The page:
It was only in Semitic myths that the dragon/serpent became a creature of seductive knowledge as found in the Old Testament. The dragon became associated with the guarding of treasures – such as keeping Heracles’ apples of immortality from human access. Thus the slaying of the dragon (to gain access to these treasures) has been a mythological tradition in these cultures. This has been a fundamental difference between dragons in the West and those in the East, particularly the Chinese dragon or lung.
The Hebrew dragon tli is the closest to the Chinese idea of a lung. ‘For just as the world with all that is in it is ruled by the tli and the sphere, so is man ruled by the heart. The tli is in the world like a king on his throne.’ Just as the Chinese lung was always used to symbolise the Emperor, so the tli is almost as revered as the Chinese lung.
Chinese dragons or lung are the most sacred and ancient creatures in Chinese mythology. They symbolise not only good fortune but also grandeur and power. They are an emblem of wisdom and celestial dignity. Whereas dragons in the West breathe fire, Chinese dragons breathe clouds. In China they conferred Imperial legitimacy, as dragons were believed to attend the births of emperors and sages.
During the reign of Chin Shih Huang (late third century bce) and the subsequent Han dynasty (206bce-220ce), the dragon became closely linked with political power, to the extent that the Emperor was seen as the reincarnation of a dragon god. This tradition continued and was elaborated on until the Yuan dynasty (1271-1367) by which time Imperial dragons began to have five claws, and ordinary people were allowed only to depict their dragons as having three or four.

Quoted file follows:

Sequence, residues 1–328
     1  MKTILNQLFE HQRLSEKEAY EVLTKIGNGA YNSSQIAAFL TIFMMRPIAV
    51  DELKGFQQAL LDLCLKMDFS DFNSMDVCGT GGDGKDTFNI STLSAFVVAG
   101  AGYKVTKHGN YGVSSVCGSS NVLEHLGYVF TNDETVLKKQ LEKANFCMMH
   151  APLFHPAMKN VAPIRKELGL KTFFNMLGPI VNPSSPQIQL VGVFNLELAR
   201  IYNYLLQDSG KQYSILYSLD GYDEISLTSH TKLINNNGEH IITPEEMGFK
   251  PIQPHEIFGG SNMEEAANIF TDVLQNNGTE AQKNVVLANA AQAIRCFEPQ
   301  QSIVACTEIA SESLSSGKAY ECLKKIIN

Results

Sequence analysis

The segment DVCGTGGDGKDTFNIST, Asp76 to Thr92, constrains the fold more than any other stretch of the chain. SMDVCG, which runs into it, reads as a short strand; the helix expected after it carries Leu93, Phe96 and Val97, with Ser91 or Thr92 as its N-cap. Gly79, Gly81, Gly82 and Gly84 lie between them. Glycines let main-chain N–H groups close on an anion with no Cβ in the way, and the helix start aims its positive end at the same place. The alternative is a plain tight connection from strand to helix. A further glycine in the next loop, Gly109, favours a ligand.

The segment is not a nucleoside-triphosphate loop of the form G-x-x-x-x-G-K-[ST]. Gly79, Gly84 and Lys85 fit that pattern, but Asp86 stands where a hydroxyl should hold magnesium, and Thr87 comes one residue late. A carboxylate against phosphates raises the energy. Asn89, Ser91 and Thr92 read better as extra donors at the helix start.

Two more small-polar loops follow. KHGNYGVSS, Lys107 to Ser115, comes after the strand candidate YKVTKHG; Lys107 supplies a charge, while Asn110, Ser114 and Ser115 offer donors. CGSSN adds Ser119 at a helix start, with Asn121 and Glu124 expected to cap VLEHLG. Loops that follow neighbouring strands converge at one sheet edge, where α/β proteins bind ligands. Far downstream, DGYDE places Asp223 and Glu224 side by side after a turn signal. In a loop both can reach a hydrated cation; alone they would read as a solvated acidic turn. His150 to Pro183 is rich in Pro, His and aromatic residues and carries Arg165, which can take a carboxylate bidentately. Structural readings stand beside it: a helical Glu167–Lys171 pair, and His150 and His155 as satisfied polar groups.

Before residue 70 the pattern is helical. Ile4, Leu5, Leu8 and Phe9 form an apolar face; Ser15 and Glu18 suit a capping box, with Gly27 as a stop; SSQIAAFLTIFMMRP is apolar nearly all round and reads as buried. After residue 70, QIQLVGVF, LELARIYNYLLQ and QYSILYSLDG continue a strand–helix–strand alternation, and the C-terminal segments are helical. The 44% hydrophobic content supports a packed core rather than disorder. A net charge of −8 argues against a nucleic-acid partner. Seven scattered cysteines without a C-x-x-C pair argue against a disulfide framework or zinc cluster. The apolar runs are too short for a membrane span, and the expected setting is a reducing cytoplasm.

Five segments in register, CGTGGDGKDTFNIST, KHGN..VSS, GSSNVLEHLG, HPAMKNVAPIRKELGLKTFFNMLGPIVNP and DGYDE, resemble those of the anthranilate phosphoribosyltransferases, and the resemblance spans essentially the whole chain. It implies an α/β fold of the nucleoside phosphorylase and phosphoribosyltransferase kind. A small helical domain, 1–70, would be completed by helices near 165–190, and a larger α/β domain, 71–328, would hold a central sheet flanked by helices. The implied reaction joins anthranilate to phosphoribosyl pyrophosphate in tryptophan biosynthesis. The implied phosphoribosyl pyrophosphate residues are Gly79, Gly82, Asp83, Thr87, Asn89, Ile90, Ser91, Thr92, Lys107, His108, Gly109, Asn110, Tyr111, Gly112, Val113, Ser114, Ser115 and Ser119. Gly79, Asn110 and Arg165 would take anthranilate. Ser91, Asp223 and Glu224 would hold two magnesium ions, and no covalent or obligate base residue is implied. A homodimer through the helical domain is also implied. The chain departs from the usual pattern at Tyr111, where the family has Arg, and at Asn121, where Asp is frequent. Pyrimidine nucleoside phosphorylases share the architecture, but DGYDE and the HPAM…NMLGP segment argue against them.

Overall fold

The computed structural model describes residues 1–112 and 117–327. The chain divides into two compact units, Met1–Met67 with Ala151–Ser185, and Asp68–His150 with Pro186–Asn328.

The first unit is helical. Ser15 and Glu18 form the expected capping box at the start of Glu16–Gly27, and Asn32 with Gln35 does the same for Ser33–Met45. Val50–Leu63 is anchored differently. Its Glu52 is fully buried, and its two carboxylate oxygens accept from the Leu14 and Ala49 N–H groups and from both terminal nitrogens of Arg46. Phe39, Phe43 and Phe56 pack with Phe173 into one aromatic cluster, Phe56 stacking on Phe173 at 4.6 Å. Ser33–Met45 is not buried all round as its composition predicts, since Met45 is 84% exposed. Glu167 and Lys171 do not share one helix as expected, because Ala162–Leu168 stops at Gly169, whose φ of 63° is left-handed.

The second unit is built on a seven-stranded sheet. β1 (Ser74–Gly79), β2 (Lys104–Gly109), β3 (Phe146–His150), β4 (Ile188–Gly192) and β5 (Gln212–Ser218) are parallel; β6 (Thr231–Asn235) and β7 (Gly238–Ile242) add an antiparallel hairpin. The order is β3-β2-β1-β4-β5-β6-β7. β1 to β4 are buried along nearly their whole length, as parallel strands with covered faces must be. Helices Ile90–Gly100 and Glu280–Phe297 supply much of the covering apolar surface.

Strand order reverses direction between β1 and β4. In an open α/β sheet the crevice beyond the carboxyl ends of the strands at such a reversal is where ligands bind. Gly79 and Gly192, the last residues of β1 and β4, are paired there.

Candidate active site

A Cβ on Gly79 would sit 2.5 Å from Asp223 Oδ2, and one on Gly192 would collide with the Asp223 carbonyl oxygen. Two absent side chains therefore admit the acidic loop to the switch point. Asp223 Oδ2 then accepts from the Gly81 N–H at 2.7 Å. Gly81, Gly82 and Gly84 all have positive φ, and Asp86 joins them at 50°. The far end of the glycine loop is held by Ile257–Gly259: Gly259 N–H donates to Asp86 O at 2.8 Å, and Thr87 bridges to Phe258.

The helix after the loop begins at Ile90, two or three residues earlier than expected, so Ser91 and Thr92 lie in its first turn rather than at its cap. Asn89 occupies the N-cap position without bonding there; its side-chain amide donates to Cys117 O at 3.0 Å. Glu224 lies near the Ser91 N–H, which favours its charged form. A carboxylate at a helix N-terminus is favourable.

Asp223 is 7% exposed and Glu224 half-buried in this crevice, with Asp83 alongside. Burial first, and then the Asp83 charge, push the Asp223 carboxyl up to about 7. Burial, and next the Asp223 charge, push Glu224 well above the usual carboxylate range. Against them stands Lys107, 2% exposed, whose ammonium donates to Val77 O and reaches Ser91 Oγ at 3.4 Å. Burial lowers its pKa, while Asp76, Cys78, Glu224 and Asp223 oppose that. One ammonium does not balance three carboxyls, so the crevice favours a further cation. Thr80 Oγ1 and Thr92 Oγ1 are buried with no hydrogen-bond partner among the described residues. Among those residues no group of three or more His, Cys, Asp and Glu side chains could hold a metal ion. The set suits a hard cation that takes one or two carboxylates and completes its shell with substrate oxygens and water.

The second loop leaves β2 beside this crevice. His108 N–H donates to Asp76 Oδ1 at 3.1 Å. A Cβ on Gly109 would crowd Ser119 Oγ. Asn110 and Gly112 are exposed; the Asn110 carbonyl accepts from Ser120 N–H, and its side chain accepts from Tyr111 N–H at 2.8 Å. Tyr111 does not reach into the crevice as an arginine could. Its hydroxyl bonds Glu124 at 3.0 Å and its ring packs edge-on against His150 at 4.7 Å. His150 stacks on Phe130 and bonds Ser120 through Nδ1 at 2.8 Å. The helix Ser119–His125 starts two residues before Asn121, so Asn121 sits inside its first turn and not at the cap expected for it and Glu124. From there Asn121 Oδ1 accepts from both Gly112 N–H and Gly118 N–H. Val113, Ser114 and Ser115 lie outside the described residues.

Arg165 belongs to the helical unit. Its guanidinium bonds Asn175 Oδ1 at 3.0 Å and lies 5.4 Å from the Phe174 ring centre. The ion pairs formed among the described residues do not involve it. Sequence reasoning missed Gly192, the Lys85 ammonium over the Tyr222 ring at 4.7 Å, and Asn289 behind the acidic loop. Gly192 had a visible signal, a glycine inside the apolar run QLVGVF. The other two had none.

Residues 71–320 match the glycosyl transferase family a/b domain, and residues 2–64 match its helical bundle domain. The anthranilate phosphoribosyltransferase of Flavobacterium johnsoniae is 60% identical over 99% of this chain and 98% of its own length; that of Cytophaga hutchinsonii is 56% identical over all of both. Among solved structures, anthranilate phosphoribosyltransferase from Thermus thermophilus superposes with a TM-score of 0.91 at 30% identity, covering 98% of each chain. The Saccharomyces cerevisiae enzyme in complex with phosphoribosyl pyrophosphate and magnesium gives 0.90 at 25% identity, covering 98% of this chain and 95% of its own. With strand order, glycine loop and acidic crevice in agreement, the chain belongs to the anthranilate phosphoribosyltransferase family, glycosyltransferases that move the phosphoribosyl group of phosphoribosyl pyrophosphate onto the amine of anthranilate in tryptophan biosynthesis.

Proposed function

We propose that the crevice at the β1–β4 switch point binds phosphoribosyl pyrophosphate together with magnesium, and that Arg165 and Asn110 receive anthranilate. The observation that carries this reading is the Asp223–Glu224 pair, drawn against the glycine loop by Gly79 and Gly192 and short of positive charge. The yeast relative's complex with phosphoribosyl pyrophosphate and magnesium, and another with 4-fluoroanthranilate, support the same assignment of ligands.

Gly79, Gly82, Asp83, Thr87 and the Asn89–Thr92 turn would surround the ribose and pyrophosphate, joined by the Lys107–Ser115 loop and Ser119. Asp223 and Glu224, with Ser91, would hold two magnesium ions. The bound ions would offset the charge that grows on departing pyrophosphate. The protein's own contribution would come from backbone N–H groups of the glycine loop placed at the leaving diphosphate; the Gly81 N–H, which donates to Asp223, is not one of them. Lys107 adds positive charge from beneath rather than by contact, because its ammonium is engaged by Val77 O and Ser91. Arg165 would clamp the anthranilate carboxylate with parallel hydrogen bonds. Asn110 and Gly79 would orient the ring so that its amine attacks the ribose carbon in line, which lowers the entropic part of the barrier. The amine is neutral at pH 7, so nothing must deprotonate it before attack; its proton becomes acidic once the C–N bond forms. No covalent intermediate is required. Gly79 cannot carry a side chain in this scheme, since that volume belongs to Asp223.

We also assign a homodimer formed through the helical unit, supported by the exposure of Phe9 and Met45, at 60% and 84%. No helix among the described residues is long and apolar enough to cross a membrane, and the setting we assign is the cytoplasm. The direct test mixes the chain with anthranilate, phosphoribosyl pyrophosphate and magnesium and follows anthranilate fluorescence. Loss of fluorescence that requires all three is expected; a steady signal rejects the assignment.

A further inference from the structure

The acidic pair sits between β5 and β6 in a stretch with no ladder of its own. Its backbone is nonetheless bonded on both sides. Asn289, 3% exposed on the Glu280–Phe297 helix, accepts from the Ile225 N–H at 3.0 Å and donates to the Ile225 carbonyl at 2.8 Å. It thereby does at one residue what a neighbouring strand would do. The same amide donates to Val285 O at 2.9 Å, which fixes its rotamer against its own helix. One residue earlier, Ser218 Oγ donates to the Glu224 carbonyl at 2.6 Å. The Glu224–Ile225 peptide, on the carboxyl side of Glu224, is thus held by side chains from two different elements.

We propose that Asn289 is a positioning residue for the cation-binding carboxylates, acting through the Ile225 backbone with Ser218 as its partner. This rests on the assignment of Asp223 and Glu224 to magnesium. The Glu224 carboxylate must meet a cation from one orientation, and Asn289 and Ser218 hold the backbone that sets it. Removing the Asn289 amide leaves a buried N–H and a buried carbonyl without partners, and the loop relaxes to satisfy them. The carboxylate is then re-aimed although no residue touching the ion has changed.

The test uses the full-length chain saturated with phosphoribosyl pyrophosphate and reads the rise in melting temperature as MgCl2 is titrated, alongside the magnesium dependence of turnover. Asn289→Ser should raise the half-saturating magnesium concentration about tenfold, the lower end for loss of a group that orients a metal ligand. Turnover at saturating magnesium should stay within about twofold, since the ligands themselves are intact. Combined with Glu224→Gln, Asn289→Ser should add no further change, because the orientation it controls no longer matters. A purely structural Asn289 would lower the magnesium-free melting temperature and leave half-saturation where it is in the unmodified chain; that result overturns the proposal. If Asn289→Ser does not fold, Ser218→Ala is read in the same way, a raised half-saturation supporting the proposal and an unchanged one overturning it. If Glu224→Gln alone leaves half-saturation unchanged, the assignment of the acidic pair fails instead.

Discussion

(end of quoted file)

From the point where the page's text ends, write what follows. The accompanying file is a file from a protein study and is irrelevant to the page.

‘‘The slaying of the dragon… has been a fundamental difference between dragons in the West and those in the East”
Dragons Of Heaven And Earth
There are said to be four main kinds of Chinese dragon: the spiritual dragon (Shen lung) which is believed to be in charge of weather changes and is the most popular dragon in Chinese mythology; the Celestial dragon (T’ien lung) as seen in Lung Pao (the Dragon gown worn by the Emperor); the dragon of the Earth (Ti lung) which has power over waters; and the dragon of Hidden Treasure (Fu-ts’ang lung).